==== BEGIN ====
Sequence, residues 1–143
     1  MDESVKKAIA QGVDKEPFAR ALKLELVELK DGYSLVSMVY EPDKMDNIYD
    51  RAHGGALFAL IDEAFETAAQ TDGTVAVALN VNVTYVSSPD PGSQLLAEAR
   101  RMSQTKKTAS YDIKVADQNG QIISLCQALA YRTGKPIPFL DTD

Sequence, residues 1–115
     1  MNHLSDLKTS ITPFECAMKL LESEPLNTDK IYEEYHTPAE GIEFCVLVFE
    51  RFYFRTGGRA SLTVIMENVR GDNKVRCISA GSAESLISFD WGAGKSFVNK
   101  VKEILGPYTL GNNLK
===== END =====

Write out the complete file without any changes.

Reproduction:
Sequence, residues 1–143
     1  MDESVKKAIA QGVDKEPFAR ALKLELVELK DGYSLVSMVY EPDKMDNIYD
    51  RAHGGALFAL IDEAFETAAQ TDGTVAVALN VNVTYVSSPD PGSQLLAEAR
   101  RMSQTKKTAS YDIKVADQNG QIISLCQALA YRTGKPIPFL DTD

Sequence, residues 1–115
     1  MNHLSDLKTS ITPFECAMKL LESEPLNTDK IYEEYHTPAE GIEFCVLVFE
    51  RFYFRTGGRA SLTVIMENVR GDNKVRCISA GSAESLISFD WGAGKSFVNK
   101  VKEILGPYTL GNNLK